Paid search is a game. Unfortunately, it is a game where the rules constantly change, players regularly come and go, and slam-dunk strategies are typically fleeting. Furthermore, the players do not start with the same set of tools: some have large budgets or a lengthy history of clicks; others have dedicated representatives and access to beta products. The biggest players are armed with large teams, software, and algorithms. No one said it was a fair game. Nonetheless, at any given time, the rules are set, the competitors are in place, and the opportunity to succeed is present.
The best part of the paid search game is that everybody can win. Conceivably, every advertiser could profit. In reality, the Game is too competitive for everyone to win. Day in and day out, there are big winners and big losers and players who struggle to break even. Winning is about continually finding effective strategies for an ever-changing landscape.
One strategy to win at paid search is to combine forces and fight the Game itself. The Game is defined by competition. Without intense competition from advertisers for a given keyword, Google’s profits would plummet. If all advertisers targeting “purchase structured settlements” (currently around $70 per click) agreed to cap their bid at $1.00, all of the advertisers would be better off – leaving only Google to suffer lost profits.
The same holds true for all targeted keywords. If every major marketing company in the US agreed to cap their paid search bids, every player in the Game would be better off. Regrettably, the players are humans and fighting to win is better than risking one player hording the profits – essentially the Prisoner’s Dilemma played out on Google search 35,000 times per second.
If collusion is a viable option, it is by far the best strategy to the Game. If you have a small enough niche of advertisers targeting your keywords, consider scheduling a conference call, hash out the details, and join forces to keep bids artificially low and profits high.
2. Divide & Conquer
As with any game of Monopoly or Risk, collusion is destined to fail. The capitalistic impulse is far too strong for marketers (whose salaries hang in the balance) to restrain themselves. Sooner or later, someone is going to depart from the agreed upon bids because it will make her company money in the short run.
Once the Game is clearly a free-for-all, you need to identify where you can be most successful. Most advertisers can target an array of relevant keywords. For example, the aforementioned advertiser targeting structured settlements could be targeting a laundry list of terms from insurance settlement to financial agreement to tiered payments. All of these queries could lead to potential customers and sales, but many may not be profitable. Winning the Game is about identifying the strategies that work and setting aside or abandoning the strategies that have a history of failure.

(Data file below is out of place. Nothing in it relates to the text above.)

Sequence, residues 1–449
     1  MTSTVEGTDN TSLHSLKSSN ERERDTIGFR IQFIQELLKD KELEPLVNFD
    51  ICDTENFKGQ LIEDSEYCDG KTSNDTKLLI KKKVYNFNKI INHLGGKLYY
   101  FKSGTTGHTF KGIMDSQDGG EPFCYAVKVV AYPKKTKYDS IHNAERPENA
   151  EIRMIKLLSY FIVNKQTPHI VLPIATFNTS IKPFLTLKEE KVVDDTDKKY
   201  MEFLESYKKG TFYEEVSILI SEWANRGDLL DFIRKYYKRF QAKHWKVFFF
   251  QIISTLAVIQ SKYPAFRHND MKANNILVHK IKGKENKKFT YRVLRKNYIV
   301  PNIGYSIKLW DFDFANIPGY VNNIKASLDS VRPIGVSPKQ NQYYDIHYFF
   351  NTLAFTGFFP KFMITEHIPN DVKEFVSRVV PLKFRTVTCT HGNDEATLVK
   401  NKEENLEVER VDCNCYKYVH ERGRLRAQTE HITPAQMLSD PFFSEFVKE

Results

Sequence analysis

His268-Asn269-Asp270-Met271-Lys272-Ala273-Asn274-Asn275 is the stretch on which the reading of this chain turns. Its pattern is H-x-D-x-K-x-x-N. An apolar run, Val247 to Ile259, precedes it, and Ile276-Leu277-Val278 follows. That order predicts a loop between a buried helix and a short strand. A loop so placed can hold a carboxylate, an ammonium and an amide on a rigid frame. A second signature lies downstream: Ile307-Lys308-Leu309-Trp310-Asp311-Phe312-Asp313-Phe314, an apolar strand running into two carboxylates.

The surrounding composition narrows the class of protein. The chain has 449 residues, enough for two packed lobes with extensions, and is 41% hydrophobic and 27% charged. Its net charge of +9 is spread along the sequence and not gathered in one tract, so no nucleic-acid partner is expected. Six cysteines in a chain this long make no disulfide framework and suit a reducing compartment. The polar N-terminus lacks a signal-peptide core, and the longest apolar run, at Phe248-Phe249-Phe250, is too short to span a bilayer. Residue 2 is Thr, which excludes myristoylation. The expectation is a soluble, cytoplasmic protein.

If your top volume, most relevant keyword is too expensive on Google, stop targeting it. If bidding to a top 3 position loses money, stop. Focus your efforts on improving the strategies that have shown success. What are your top ten keywords in terms of ROI? What is your impression share for those keywords? Doesn’t increasing your impression share for your top keywords outweigh losing impressions for non-converting or expensive keywords?
Although allocating the bulk of your budget to keywords that drive sales is clearly an effective strategy, too many advertisers target broad campaigns out of fear of missing out on potential customers. In paid search advertising, you go to war with the monthly budget you have, not the budget you want. Use it on keywords that are going to lead to sales.
3. Counter Attack
As mentioned previously, the game of paid search is not a stagnant affair. Search engines are constantly changing the rules, and competitors are constantly changing their strategies. In order to win the Game, advertisers must have a counter attack for the moves made by search engines and competitors.
Google is by far the greatest rule changer of the search engines. The company is constantly releasing products for competitors to utilize in their paid search strategies. The best way to retaliate against competitors’ use of new products is to preemptively strike. If you don’t have dedicated AdWords and adCenter reps, pursue them. Once you are working with dedicated reps, regularly ask about new products and the opportunity to join beta programs.
Beta testing new products provides significant advantages: you gain valuable experience with the product and you can capitalize on the period before the product is released to all advertisers. For example, in late 2009, Google began testing Sitelinks in AdText. Google rewarded advertisers who took part in the Sitelinks beta with 4 extra, highly visible links, simultaneously increasing clickthrough rate and lowering cost-per-click – talk about an advantage.
4. Have Fun
All-in-all, winning at paid search is about enjoying the Game. Whether it is spying on competitor ads or running statistical analysis to determine your maximum ROI, strong players in the paid search game enjoy what they are doing. Most everyone enjoys winning, but to win you have to enjoy playing the Game too.